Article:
Step 1:  ​Laser cut your outer bowl

Firstly you will need to Laser cut your outer bowl using 3mm acrylic.  I used black for the top and bottom section and orange light gathering plastic for the sides.  


















Step 2:  Slot together your laser cuts


After you have cut all your pieces you will need to peel off any of the outer protective plastic. 















Slot each of your edge pieces into the top section (the large circle) of your bowl first.  It is easiest to do this with the top section laying flat on the desk. 















Then add on the base ring and push down gently until all of the slots are in position and flush with the bottom of your bowl. 















Depending on which size bowl you are making the base slots are slightly different.  The lager bowl has double the slots to hold the bowl in place.  You have now finished the outer section and are ready to make your inside bowl. 
















Step 3:  Make your press form


Firstly laser cut six to eight disks the same size as the top section of your outer bowl and remove the protective outer plastic.    Make sure the surfaces are clean and bond them together using super glue. 
















When you have glued on the last layer place it in a vice for 15 mins to set.  You will be left with a press form looking like this:















Step 4:  Cut and anneal copper sheet


Cut a piece of square copper sheet on a guillotine.  This should be around 1mm thick and overlap your press form at the edges by around 10-20mm. 


Anneal your copper using a large torch to a cherry red color.
















Quench in water and then place in the pickle for five to ten minutes to clean.






























Step 5:  Press form your bowl


Place your laser cut press form on to the base of the press form machine.  Then lay your annealed copper sheet on top making sure the copper overlaps equally around the press form.





























On top of this you should place a thick sheet of rubber followed by a steel block. 





























Pump the hydraulic press up to about 5 bar of pressure and then release.  Remove each of the items you have placed on the press one at a time.  You may need to re-anneal and repeat this if you require a deeper bowl.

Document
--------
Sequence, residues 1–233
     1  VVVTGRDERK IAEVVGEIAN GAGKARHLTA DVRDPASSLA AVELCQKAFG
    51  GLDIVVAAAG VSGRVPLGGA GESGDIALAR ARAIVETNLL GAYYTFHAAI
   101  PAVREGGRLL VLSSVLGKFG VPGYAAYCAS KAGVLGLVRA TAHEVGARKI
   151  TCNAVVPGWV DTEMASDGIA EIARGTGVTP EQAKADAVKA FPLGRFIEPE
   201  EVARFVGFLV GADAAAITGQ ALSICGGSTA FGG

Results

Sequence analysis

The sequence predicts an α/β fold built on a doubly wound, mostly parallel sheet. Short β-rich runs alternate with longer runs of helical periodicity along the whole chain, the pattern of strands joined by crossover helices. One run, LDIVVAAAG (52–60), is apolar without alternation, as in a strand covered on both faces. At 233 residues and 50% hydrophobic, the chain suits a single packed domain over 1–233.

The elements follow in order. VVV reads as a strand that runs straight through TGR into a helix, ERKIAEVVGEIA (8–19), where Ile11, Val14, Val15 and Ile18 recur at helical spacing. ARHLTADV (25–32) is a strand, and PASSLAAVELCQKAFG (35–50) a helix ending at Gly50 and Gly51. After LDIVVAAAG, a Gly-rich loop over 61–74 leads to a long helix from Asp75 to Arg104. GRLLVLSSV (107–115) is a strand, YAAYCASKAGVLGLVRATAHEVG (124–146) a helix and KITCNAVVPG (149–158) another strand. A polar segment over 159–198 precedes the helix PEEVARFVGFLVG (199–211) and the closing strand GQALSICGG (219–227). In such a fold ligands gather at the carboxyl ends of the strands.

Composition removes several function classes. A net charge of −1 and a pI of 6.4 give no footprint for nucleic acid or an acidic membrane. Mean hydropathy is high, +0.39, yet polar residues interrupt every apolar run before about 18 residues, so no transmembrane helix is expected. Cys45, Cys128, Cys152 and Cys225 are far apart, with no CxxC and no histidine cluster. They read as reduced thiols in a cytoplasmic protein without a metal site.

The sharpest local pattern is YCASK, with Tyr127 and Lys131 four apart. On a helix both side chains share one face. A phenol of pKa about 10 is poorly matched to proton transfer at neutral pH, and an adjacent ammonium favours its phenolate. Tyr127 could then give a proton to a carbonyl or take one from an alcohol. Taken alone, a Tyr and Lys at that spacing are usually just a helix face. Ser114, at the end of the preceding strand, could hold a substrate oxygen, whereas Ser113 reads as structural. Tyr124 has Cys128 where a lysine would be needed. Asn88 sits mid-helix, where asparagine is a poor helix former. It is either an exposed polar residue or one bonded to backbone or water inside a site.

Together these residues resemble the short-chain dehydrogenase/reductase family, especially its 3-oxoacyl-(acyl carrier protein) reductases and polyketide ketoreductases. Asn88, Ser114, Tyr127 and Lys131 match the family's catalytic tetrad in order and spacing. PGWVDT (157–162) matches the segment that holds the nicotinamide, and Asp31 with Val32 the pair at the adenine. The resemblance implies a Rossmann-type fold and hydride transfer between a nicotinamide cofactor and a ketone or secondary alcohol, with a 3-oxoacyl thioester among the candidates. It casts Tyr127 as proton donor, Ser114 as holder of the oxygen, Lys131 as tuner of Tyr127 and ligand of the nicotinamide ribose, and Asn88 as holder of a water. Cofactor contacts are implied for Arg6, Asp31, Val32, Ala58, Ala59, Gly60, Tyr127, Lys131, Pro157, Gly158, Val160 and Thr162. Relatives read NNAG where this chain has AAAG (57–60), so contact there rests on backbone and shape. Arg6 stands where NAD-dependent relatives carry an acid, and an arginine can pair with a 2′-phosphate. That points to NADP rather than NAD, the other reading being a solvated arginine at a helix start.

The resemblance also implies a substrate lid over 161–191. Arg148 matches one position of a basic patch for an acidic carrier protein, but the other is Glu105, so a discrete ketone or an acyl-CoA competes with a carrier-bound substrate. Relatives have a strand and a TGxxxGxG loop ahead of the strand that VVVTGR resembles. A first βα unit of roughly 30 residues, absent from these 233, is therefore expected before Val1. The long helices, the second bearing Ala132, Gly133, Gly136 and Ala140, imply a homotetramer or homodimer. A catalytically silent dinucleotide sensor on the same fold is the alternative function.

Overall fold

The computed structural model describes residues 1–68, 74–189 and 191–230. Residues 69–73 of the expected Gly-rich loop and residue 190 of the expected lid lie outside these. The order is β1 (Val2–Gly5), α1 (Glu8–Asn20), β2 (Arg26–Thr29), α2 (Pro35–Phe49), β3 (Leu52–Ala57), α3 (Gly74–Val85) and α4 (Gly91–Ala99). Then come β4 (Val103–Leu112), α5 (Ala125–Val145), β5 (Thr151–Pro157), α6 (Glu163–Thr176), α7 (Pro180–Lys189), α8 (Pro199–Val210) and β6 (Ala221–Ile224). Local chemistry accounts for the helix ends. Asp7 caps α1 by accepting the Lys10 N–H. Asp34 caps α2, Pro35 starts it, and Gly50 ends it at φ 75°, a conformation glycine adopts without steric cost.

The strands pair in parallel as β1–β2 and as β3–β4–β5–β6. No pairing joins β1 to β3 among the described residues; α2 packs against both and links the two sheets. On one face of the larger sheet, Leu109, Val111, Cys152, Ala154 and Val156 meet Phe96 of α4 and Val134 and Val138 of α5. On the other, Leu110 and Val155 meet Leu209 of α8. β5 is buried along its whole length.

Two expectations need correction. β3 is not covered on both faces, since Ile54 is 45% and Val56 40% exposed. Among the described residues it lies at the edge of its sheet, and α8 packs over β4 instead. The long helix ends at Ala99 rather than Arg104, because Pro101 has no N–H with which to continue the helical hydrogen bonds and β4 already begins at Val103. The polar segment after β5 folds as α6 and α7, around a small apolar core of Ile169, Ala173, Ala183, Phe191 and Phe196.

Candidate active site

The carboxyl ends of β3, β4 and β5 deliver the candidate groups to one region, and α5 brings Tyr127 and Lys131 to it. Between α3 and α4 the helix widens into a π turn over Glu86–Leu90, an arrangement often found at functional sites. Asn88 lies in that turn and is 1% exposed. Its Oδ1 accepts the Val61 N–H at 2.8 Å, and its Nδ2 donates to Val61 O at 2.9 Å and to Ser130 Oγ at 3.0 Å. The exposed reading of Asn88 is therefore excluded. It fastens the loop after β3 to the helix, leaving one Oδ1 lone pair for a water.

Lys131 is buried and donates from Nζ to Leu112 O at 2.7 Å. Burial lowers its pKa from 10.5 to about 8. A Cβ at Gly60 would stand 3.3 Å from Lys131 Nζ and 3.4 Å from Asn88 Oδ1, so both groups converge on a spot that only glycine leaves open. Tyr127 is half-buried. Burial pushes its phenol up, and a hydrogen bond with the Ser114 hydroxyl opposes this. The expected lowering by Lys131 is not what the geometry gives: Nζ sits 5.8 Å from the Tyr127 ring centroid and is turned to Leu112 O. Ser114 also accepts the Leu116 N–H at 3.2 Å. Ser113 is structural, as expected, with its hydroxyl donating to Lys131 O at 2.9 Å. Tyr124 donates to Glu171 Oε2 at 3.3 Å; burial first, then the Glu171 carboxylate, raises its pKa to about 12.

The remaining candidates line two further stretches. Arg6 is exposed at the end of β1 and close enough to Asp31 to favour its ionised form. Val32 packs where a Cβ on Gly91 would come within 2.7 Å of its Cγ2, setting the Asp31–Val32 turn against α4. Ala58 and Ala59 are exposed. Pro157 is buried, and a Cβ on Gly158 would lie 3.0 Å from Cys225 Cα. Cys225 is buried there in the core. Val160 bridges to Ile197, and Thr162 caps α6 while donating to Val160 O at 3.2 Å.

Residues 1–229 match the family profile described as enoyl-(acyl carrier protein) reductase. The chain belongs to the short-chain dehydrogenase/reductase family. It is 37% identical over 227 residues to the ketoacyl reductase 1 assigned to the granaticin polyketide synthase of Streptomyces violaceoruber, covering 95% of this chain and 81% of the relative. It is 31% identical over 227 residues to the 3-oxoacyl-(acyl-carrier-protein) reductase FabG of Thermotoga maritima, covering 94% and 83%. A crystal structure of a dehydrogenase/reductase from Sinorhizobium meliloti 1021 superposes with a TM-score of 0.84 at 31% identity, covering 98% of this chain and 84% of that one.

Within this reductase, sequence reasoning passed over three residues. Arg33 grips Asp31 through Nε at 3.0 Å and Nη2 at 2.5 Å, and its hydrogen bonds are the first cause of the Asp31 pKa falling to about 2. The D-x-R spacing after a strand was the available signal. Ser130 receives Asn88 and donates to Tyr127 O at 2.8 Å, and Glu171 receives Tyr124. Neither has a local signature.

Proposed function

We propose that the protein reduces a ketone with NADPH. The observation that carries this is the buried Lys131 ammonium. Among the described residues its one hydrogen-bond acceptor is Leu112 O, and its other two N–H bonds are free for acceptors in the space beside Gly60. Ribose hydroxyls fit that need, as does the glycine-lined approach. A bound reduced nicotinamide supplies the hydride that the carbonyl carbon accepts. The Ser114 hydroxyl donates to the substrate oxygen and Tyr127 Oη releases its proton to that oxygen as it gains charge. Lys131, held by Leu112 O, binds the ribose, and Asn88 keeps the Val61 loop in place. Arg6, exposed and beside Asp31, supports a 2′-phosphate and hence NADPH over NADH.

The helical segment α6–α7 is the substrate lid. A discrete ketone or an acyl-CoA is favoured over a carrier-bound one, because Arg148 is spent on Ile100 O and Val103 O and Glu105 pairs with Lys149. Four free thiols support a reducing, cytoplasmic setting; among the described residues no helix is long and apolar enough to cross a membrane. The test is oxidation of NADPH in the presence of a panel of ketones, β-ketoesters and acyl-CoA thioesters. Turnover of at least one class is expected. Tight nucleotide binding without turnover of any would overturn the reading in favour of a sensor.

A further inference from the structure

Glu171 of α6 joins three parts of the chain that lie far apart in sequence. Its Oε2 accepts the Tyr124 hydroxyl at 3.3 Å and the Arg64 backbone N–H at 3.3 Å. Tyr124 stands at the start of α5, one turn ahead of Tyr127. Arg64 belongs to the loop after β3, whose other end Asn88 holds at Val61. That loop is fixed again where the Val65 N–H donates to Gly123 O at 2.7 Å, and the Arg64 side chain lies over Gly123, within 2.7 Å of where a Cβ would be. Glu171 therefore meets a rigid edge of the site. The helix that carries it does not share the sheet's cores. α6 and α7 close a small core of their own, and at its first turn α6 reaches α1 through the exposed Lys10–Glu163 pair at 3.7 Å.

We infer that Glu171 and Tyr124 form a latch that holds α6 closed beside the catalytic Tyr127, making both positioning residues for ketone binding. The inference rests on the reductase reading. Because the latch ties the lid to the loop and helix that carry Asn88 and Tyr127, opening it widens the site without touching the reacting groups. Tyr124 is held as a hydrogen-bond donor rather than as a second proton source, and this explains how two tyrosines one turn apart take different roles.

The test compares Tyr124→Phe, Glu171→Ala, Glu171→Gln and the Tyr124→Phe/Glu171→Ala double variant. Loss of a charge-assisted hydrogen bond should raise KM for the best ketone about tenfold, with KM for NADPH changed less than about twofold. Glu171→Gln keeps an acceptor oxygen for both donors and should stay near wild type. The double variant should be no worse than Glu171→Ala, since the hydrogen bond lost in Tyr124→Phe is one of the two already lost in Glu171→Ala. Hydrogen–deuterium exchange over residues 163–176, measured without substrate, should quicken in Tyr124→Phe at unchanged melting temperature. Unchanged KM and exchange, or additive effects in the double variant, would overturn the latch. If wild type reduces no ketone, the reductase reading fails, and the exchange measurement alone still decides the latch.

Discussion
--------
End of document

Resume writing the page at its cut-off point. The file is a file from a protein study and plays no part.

Step 6:  Cut out your bowl


Thread your piercing saw tightly and begin to cut neatly around the edge of the bowl.  There will be a line on the underneath left behind from the press form.  Follow this neatly and try not to cut inside the line.
















Step 6:  File and sand


File the edge of your copper bowl with a large flat file until all of the saw marks are gone and the edges sit flush with your laser cut outer section when you place it on top. 
















Sand the edges of the bowl using 400, 800 and then 1200 emery paper.  To finish the edge to a high polish rub a burnisher over it.
















Then sand the surfaces of the bowl in a circular motion until any of the large  scratches are removed.  Start with a rough emery paper such as 2500 or 400 and work your way up the grades until you are happy with the finish.
















If you want a really good finish on your metal, rub over finally using wire wool until you have en equal surface all over.  Light should be bouncing off all angles and there should be no vizable linear scratches.  If you are going to patina your copper it is a good ides to wear gloves at this point to keep grease off the surface of the metal.






























Step 7:  Oxidize your copper bowl


Make up your oxidizing solution in a tub large enough to contain your copper bowl.  I tested both liquid liver of sulfur and platinol, but found that the liver of sulfur gave a much better surface finish.










 Liver of Sulfur                                              Platinol


To make up your liver of sulfur use enough warm water to cover your copper bowl.  Add a drop of liquid liver of sulfur.  Place your copper bowl in the solution for a few seconds, then remove and rinse under running water.  Repeat this until you are happy with the color of your finish.  Adding the liver of sulfur gradually and washing will leave a smoother and better bonded finish.














Finally dry your copper bowl with a towel and place on top of your laser cut outer section.





Info:

There are two different sized bowls available in this series, 180mm and 89mm width.  Files are available to download below:


180mm:


Laser cut bowl file


Press form file



89mm:


Laser cut bowl file


Press form file



Why make a Laser cut bowl?


Laser cutting can be used as a very quick and accurate means of production when cutting multiple flat parts.  It is much quicker that more traditional means of cutting with a saw and leaves a much neater edge.  It leaves out the need to file and sand and polish the edges for hours on end.  The laser leaves a very smooth and shiny finished edge. 


These traits lead them selves well to producing accurate press forms.  Without the laser cutter a more traditional means of making a press form would be to hand pierce a thick sheet of acrylic and then file all the saw marks out at a 90 degree angle.  It is much quicker to laser cut multiple sheets of acrylic and glue together and the finish of the edges can be much neater depending on your filing ans sanding skills.




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how to make your own Laser cut Bowl

laser cut Bowls

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Karen-Ann Dicken